John Ellis Coral Prints 1776

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ELL35 $125
ELL63 $115

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John Ellis Coral Prints 1776

John Ellis (1710-1776) was an Irishman & naturalist who went into business in London. In 1764 he was appointed as an English government agent for West Florida and the Island of Dominica. Linnaeus called him "a bright star of natural history" and "the main support of natural history in England." He was a prolific writer including works on coffee, tea, breadfruit, and corals. As both as naturalist and business man, his thorough and detailed works were also designed to encourage the growth of the tea and coffee trade. He ranks as a seminal person in the history of England as he was responsible for introducing the tea tree. His work on tea was published in 1772, when the interest in tea drinking focused on its medicinal properties, and determining whether the rapidly increasing habit of tea-drinking was beneficial or injurious to health. The tea-tree was introduced to England by John Ellis in about 1768.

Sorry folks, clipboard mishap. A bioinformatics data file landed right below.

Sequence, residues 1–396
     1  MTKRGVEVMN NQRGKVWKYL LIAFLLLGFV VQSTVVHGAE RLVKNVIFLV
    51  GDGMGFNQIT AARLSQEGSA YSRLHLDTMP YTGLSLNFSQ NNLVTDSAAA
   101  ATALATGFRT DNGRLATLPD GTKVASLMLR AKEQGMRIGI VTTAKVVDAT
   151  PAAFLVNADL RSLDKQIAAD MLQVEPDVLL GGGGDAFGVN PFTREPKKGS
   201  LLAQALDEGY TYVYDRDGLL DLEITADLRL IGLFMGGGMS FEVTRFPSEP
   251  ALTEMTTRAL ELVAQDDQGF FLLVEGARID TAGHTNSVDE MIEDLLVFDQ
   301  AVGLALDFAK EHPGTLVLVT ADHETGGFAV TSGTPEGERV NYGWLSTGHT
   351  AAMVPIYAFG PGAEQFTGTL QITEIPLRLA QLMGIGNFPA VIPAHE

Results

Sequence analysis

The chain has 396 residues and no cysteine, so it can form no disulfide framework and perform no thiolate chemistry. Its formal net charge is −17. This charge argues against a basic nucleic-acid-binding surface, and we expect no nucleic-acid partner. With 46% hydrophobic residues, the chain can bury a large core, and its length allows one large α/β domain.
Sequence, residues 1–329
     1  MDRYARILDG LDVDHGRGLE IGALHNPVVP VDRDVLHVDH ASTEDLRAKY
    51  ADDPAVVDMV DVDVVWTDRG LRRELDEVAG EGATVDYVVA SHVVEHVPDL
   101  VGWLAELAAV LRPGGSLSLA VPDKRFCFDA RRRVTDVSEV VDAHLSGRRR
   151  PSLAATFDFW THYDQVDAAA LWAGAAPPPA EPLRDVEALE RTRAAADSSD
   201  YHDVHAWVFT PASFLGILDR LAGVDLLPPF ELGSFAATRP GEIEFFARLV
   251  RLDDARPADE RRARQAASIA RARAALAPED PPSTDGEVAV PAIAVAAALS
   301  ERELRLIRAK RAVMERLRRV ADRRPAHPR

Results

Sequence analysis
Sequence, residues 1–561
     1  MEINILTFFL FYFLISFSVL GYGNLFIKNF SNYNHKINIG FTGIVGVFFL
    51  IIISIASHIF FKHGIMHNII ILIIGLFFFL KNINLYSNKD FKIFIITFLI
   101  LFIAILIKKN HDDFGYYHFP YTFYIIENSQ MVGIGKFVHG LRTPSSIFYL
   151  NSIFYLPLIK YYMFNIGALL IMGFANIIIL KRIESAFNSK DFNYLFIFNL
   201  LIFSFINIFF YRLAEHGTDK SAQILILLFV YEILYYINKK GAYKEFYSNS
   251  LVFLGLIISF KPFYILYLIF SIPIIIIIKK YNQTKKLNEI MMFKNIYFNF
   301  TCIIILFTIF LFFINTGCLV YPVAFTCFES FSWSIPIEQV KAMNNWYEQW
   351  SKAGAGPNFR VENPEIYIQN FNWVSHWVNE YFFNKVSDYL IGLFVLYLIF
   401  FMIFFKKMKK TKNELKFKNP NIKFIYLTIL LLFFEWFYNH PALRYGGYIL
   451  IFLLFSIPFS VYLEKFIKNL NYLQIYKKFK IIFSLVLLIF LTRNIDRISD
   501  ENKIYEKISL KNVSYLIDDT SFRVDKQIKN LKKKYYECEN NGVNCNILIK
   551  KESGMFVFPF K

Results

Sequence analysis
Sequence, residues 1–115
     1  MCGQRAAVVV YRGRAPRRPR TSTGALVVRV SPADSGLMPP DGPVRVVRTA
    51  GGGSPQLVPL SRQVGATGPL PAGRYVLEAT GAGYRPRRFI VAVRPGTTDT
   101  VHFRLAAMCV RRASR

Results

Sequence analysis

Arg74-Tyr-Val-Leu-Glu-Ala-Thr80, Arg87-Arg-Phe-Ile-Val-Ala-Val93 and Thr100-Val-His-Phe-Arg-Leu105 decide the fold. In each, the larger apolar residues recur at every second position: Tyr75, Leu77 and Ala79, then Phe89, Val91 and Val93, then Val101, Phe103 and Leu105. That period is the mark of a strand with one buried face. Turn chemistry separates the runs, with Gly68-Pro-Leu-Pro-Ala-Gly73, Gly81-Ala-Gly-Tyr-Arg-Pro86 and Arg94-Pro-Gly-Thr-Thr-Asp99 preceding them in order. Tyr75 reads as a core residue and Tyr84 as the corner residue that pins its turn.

Ellis was one of the earliest marine zoologists. His descriptions of zoophytes and meticulously-drawn engravings were outstanding, and he was made a fellow of the Royal Society in 1754, awarded its Copely medal in 1767.

We are pleased to offer these beautiful coral prints from his final work, The Natural History of many Uncommon & Curious Zoophytes published posthumously in 1786. The work had been left in the possession of Daniel Solander, the Swedish scientist who together with Ellis discovered that sponges are animals. Ellis's daughter, Martha, retrieved the manuscript and ensured its publication in 1786.

These prints are all ORIGINAL copper engravings made from Ellis's 1776 drawings. They have been exquisitely hand colored by one of the few remaining professional colorists in England whose specialty is corals and fish, following descriptions and images of the species illustrated. Each print is the large paper version, measuring approximately 9 inches wide by 11 1/4 inches long. The condition of the plates is excellent, with the paper being a fine, heavy, watermarked chain lined type with strong plate marks. There are no fox marks or other blemishes. A copy of the title page will be included with each print. These prints are more than 220 years old.

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